Tag: Corporate legal affairs

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Entertainment

Marvin Gaye’s children sue Robin Thicke over ‘Blurred Lines’

This file photo shows singer-actress Nona Gaye by Anthony McCartneyAP Entertainment Writer LOS ANGELES (AP) — Two of Marvin Gaye’s children sued Robin Thicke and his collaborators on the hit song “Blurred Lines” on Wednesday, accusing them of copyright infringement and alleging music company EMI failed to protect their father’s legacy. Nona Marvisa Gaye and Frankie Christian Gaye’s suit is the latest salvo in a dispute over Thicke’s hit and whether it copies elements of Gaye’s song “Got to Give It Up.” Their lawsuit seeks to block Thicke and collaborators Pharrell and T.I. from using elements of their father’s music in “Blurred Lines” or other songs.

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Entertainment

What if Michael Jackson was still alive?

In this Dec. 3, 1984 photo, Michael Jackson performs with his brothers at Dodger Stadium in Los Angeles, as part of their Victory Tour concert. (AP Photo/Doug Pizac, file) by Anthony McCartneyAP Entertainment Writer LOS ANGELES (AP) — If Michael Jackson were still alive today, he would have just celebrated his 55th birthday and the world would know the outcome of his comeback efforts. He might be embarking on a new career in filmmaking and probably would be nudging his eldest son in the same direction.

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Business

Abercrombie & Fitch settles Calif. suits over head scarves

Hani Khan, a former stockroom worker for Abercrombie & Fitch Co. who was fired for refusing to remove her Muslim headscarf, listens to a question during a news conference in San Francisco, Monday, June 27, 2011. (AP Photo/File) by Paul EliasAssociated Press WriterSAN FRANCISCO (AP) — Trendy clothing retailer Abercrombie & Fitch has agreed to make religious accommodations and allow workers to wear head scarves as part of a settlement of discrimination lawsuits filed in California, lawyers announced Monday.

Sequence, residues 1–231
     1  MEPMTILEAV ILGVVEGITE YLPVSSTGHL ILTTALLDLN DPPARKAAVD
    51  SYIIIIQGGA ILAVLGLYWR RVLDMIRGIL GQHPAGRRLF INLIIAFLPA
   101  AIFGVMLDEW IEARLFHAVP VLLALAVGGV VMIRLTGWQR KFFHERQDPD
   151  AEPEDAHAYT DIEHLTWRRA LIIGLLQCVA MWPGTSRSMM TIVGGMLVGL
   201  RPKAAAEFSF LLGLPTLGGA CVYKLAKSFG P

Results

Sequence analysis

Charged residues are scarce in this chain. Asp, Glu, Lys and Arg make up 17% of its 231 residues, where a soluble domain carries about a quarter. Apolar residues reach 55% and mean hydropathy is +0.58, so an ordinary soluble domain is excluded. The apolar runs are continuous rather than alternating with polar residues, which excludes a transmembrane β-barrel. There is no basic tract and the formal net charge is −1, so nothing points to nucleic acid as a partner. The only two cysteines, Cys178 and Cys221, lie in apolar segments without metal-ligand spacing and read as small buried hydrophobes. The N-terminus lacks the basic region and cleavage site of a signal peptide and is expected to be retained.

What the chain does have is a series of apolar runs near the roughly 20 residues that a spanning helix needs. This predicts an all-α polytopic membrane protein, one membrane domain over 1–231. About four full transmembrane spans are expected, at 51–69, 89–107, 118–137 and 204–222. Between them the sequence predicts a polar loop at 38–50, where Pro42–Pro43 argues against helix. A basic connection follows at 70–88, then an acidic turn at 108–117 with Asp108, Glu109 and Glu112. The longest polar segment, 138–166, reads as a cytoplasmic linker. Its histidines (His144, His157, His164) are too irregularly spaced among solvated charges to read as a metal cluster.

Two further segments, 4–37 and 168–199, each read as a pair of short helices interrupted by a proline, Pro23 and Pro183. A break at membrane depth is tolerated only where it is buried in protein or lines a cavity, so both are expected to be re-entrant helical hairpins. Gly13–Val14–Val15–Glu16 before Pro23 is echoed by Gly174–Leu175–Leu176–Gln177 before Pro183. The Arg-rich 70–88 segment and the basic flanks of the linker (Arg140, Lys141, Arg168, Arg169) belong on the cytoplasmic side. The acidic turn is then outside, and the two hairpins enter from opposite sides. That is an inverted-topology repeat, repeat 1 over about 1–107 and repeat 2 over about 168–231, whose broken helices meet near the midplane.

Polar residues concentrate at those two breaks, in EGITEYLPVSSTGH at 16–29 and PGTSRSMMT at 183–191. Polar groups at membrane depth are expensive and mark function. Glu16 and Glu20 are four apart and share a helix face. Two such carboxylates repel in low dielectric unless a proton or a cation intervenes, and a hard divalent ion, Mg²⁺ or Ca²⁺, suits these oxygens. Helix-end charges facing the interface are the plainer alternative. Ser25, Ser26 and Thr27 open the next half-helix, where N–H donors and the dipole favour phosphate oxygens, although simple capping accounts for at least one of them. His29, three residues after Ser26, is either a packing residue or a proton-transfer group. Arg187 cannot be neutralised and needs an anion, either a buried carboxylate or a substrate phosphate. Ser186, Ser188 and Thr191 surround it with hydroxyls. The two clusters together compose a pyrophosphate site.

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National

Traffic cameras bring tiny Ohio village to a stop

Catherine Jones sits outside her namesake restaurant, in Elmwood Place, Ohio. Jones understands the community’s need to install speed cameras to quell speeding, but now she is among many small business owners worried that the cameras have given the village a speed trap stigma. (AP Photo/Al Behrman, File) by Dan Sewell ELMWOOD PLACE, Ohio (AP) — This little village had a big problem. Each day, thousands of cars — sometimes as many as 18,000 — rolled along Elmwood Place’s streets, crossing the third-of-a-mile town to get to neighboring Cincinnati or major employers in bustling suburbs or heavily traveled Interstate 75. Many zipped by Elmwood Place’s modest homes and small businesses at speeds well above the 25 mph limit. Bedeviled by tight budgets, the police force was undermanned. The situation, villagers feared, was dangerous. Then the cameras were turned on, and all hell broke loose.

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People

Tyson sues Live Nation over alleged embezzlement

ONE MAN SHOW—In this June 18, 2012 photo, former heavyweight boxer Mike Tyson announces “Mike Tyson: Undisputed Truth” a one man show on Broadway, in New York. (Photo by Evan Agostini/Invision/AP, File) LOS ANGELES (AP) — Mike Tyson sued a financial services firm owned by Live Nation Entertainment on Wednesday, claiming one of its advisers embezzled more than $300,000 from the former heavyweight champ and cost him millions more in lost earnings.